SEAHA Studentship: Preservation of geological collections
The EPSRC Centre for Doctoral Training in Science and Engineering in Arts, Heritage and Archaeology (SEAHA) at University College London, University of Oxford and University of Brighton, in collaboration with Amgueddfa Cymru – National Museum Wales and BSRIA Ltd, is seeking applications for a fully funded studentship on the topic “Preservation of geological collections”. Funded by the Engineering and Physical Sciences Research Council (EPSRC) through the SEAHA Centre for Doctoral Training, the four-year doctoral research project will be supervised jointly by School of Geography and the Environment at the University of Oxford, Amgueddfa Cymru – National Museum Wales and BSRIA Ltd.
Despite centuries of research on pyrite decay there is a dearth of knowledge in subjects that would help museums improve the effectiveness of their care of geological collections, including the categorisation of damage to geological specimens, methodologies for objective routine condition assessment, the definition of an adequate storage environment, and successful conservation treatments. There is sufficient evidence to dispel the myth that geological collections are inherently stable and require fewer resources to preserve them than other areas of museum collections. In fact, a proportion of geological collections demand a level of attention and maintenance comparable with archaeological metal collections, and similar environmental and pollution-related considerations. Currently available methodologies are not suitable for routine collection monitoring, results are not necessarily replicable, and, in the absence of guidance on suitable storage conditions, triggers for, and the suitability of, conservation actions are difficult to determine. We need a more robust approach to the delivery of preventative conservation of geological collections. This includes defining what kind of material change in minerals constitutes damage; developing a protocol for routine monitoring of museum geological collections for potential damage; establishing optimum environmental and minimum air quality standards for different types of minerals; and testing rigorously the suitability of conservation treatments that are presently available.
The aim of the project is to develop recommendations for the appropriate storage of geological collections, including endorsed levels of indoor air pollutants and relative humidity concentrations for a range of vulnerable minerals.
1. What constitutes damage in geological specimens? An agreed set of parameters to be developed that will allow non-subjective condition assessment of specimens.
2. How can we measure damage to mineral specimens, especially routinely and in large collections? A methodology and protocol to be defined for condition assessing geological specimens, based on the characteristics defined under 1. This is likely to require the development of new/adapted monitoring technology, potentially based on digital mapping.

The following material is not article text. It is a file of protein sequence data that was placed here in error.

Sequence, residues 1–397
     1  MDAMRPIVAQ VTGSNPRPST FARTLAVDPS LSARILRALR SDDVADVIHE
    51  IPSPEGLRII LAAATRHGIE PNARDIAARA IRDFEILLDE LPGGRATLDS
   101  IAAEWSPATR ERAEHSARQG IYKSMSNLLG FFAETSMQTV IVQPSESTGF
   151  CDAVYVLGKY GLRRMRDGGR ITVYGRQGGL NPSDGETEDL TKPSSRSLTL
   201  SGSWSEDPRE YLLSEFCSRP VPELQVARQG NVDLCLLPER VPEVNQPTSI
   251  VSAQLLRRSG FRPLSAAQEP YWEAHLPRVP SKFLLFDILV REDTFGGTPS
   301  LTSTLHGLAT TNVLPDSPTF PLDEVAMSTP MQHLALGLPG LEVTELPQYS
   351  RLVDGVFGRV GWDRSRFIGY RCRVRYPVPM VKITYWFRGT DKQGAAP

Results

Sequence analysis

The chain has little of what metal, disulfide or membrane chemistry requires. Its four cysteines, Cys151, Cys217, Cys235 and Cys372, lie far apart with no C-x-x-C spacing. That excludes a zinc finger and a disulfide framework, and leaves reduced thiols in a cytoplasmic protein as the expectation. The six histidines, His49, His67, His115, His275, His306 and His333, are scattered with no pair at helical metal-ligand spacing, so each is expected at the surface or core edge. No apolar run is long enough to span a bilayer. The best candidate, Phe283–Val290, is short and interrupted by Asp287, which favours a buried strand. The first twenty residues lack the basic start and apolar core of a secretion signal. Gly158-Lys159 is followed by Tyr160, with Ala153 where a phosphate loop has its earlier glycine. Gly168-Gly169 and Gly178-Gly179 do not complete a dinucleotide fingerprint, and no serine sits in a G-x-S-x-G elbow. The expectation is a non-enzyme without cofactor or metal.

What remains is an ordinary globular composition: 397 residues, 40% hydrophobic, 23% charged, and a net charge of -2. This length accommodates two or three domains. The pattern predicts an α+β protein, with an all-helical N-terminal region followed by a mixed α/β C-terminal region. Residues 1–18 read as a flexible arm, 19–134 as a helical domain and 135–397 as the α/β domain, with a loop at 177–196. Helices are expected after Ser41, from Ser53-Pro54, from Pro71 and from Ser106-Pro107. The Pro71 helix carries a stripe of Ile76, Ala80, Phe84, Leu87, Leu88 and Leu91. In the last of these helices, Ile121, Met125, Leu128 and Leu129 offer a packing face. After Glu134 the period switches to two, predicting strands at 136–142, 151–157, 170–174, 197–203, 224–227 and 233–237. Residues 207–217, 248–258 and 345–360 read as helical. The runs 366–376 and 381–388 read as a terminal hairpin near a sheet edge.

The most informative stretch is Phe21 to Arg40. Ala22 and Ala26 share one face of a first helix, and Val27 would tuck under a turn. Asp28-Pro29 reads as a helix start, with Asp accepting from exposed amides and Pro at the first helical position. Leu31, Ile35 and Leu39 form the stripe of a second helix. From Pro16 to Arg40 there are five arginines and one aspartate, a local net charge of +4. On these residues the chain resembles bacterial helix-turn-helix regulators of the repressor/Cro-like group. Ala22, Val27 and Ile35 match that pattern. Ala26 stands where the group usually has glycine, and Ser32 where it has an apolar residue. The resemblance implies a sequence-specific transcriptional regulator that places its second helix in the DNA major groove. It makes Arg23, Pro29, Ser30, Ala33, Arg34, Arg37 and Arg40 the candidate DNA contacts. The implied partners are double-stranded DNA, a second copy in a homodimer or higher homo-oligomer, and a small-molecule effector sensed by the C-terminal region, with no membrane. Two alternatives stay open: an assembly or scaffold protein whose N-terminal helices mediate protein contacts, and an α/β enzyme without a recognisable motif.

3. What is the relationship between minerals and indoor air pollutants, and is there a ‘safe’ level of air pollutants for vulnerable mineral species? This requires dose-response testing of mineral species in combination with indoor air pollutants such as carboxylic acids in
varying concentrations. Change to specimens will be assessed using the methodology developed under 1 and 2.
4. What is the effectiveness of current conservation treatments? A methodology will be developed to assess the use of microenvironments as a standard way of preserving vulnerable specimens. The initial part of the research will center on reviewing current knowledge of change to geological specimens, and how chemical and structural changes translate into damage. This will be followed by the development, in conjunction with curators and conservators, of a protocol for condition assessing specimens, involving discussions, stakeholder consultation and focus groups. Experimentation will then be set up in the laboratory to test various forms of existing monitoring technology, such as XRD, FTIR, laser scanning and digital image correlation. Additional experimentation will be set up in the laboratory with multiples of various mineral species and carboxylic acids in different concentrations; samples will be investigated using the techniques identified above.
Academic entry criteria: We welcome students with any good chemistry, engineering, mineralogy, geochemistry or geosciences undergraduate qualifications.
Training path: The student will be part of the EPSRC Centre for Doctoral Training SEAHA (Science and Engineering for Arts, Heritage and Archaeology). Students will register for the one-year MRes SEAHA at UCL in year 1 and then register at the University of Oxford for years 2-4 of the studentship. The student will be encouraged to spend time working in the laboratories at the National Museum Cardiff.
Funding: The SEAHA Studentship will cover home fees and a stipend of up to a maximum of £18,654 per year (to be confirmed at point of entry) for eligible applicants , and a substantial budget for research, travel, and cohort activities. EU students may be eligible for fees only and non-UK/EU applicants are not eligible for a stipend or fees.
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